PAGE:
Mojo Record Bar

Rachel Olding
Music on tap ... Mojo Record Bar.
Music on tap ... Mojo Record Bar. Photo: Edwina Pickles

Basement, 73 York St Sydney, NSW 2000

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02 9262 4999
Opening hours Mon-Fri, 4pm-midnight; Sat, 5pm-midnight

BARS AIN'T JUST BARS anymore. Now we have bars in shirt shops, bars in laundromats, bars in barbers and, lo and behold, bars in record stores.

Daniel McManus and Jon Ruttan are livin' the dream. The pair used to bring a six-pack of Coopers into Mojo Music on York Street on Friday nights and just listen to music and shoot the breeze. Now they're doing it in their own basement across the road.

When Mojo Music shut down, they approached the owner and asked him to come on board with a new venture. And here we are.

Unsurprisingly, the music in this music bar is darn good. There's a small record shop out the front and a hidden bar down the back pumping out everything from the Rubens to Run-DMC. Rock, pop, blues, surf and psychedelia all get a run.

''We always tailor the vibe to the crowd that's in the bar at the time,'' McManus says.

Old record covers line the top of the bar and vintage posters hang from the walls, but it's not as grungy as you'd think - it's actually quite an elegant, Prohibition-style bar draped in red velvet and dim lights.

On Friday nights, it's manic. There are oodles of bartenders, all shouting at you, high-fiving each other and shaking cocktails vigorously. People are crammed into every corner and one of my compadres finds it all a bit much and has to escape to the much quieter record store. Saturdays and other weeknights are more chilled out.

McManus and Ruttan have made beers the main focus. The only mainstream one is Coopers - a nod to their Mojo Music days - and the rest are Australian craft brews. The excellent Newtown-brewed Young Henrys comes via an old-school handpump and others (such as the other great tiny Sydney brewery, The Grifter) come as huge two-litre growlers ($40).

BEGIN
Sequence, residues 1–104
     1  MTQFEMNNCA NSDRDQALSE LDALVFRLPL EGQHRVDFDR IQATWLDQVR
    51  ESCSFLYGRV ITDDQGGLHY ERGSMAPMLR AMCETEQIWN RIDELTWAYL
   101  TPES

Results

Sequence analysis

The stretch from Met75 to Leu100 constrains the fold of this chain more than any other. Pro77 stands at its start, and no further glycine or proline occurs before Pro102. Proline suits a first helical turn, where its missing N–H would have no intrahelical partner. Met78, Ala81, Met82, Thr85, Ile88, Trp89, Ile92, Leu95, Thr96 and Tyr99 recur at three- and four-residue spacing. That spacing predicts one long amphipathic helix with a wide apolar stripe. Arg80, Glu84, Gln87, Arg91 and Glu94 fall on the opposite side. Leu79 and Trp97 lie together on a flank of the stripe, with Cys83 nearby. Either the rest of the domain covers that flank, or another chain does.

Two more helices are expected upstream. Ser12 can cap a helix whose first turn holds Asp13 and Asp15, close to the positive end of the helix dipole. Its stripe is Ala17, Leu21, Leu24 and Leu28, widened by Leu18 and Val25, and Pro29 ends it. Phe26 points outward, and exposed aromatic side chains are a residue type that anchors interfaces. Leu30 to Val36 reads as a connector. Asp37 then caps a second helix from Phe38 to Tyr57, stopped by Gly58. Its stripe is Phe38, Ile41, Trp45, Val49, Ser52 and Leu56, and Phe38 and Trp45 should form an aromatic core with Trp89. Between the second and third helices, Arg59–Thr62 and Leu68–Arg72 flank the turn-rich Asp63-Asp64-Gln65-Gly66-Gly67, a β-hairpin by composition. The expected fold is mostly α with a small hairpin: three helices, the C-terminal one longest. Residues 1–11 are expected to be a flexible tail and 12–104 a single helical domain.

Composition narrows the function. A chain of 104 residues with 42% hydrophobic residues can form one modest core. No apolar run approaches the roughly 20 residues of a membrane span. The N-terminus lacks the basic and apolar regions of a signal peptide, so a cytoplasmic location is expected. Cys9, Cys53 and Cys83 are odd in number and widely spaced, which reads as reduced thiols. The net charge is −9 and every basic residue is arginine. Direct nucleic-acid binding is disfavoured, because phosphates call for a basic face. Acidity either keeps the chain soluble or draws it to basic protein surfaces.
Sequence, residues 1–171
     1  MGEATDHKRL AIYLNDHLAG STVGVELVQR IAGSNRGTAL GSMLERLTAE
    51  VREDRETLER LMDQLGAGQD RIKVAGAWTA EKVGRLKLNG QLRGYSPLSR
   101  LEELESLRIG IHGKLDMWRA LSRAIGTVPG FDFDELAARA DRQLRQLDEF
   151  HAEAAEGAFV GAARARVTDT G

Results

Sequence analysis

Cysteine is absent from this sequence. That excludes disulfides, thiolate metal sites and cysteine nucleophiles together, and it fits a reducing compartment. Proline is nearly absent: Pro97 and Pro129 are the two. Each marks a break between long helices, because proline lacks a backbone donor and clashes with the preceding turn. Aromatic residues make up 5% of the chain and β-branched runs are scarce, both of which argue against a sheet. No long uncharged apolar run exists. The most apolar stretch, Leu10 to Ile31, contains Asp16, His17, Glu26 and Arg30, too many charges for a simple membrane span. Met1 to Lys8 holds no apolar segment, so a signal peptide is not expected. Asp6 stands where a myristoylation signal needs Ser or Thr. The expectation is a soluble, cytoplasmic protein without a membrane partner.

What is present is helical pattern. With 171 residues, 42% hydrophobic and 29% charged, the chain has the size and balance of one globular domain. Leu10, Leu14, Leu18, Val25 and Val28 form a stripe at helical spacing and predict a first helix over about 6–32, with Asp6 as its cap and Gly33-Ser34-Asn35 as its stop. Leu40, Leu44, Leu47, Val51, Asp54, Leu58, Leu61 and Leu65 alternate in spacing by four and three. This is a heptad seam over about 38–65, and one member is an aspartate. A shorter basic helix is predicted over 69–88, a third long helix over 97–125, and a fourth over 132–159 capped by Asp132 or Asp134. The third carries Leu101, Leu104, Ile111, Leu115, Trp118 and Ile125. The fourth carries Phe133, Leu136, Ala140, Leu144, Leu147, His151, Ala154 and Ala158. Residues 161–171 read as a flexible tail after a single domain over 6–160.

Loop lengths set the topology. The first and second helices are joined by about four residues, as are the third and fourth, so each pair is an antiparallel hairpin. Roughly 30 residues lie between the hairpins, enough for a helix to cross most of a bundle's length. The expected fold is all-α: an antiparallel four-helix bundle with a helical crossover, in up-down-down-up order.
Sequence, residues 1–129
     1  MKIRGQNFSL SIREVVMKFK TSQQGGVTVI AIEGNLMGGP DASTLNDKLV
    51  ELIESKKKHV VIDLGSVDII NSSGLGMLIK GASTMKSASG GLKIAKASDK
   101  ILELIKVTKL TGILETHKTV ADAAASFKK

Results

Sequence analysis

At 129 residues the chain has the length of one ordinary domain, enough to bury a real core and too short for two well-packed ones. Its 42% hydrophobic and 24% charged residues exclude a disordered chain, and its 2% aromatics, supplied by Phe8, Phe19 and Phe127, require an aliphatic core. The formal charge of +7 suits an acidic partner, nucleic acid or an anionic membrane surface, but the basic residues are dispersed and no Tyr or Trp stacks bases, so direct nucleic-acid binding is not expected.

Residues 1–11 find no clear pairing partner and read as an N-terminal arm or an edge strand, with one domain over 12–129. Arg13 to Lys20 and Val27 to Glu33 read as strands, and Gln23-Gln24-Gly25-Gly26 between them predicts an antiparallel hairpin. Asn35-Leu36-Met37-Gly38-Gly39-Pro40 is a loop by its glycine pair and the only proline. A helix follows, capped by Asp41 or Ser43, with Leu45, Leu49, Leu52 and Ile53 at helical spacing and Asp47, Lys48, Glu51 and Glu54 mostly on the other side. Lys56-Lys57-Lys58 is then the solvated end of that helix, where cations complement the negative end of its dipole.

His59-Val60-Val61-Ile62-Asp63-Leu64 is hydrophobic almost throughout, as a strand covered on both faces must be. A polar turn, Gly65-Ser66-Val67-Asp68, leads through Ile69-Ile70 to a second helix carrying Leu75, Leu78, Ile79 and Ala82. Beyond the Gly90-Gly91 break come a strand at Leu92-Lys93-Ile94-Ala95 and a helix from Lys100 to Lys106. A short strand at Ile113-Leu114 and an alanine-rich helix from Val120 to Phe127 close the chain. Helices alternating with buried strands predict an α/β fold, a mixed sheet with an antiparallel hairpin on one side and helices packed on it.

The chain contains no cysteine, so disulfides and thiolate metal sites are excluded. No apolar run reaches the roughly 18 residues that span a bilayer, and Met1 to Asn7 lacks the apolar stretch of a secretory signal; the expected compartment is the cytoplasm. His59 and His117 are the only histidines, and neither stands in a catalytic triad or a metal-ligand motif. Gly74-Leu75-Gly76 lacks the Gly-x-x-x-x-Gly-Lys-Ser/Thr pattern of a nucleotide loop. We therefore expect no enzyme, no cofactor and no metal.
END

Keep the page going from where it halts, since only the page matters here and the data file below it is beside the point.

Sixteen beers and three ciders come from as far as Berriedale, Tasmania (a Moo Brew Hefeweizen, $11), and as near as The Rocks (Lord Nelson Three Sheets pale ale, $8) and are all reasonably priced.

Wines are all Australian, too, but not as exciting. A 2011 Bourke Street pinot noir from Hilltops in NSW ($12) is beautiful, and the champagne is all the good French stuff.

The cocktails are a mixed affair. A bartender first whips up some creations of his own - including a blackberry bramble and a rum-based sour - having boasted jovially that he knows ''heaps more shit than what's on that menu''. They are all nice but could do with some more punch.

From the menu, a very bittersy I Lost My Rum in San Francisco (dark rum, Amaro Montenegro, Angostura bitters, orgeat, $18) is made with a beautiful foamy consistency, but others, such as the Fool's Gold (tequila, Aperol, limoncello, grapefruit, sugar rim, $18), are a bit ho-hum.

Ask the bartenders about their tequilas and whiskies, which aren't listed on the menu, and they'll blow the dust off something special such as an aged single malt or an Australian West Winds gin.

Food isn't a big deal - dips and share plates for the first half of the week, with the option of fries and pizzas from Taglio a few doors down on Thursdays and Fridays. The pizzas are delivered in their boxes and are delicious, with fluffy wood-fired crusts and stacks of cheese. It's a perfect accompaniment for this place: laid-back, original and plain old fun.

You'll love it if … you're scouting cool new small bars for after-work drinks.

You'll hate it if … you come with a big group on a Friday.

Go for … music, pizza and longies of Young Henrys.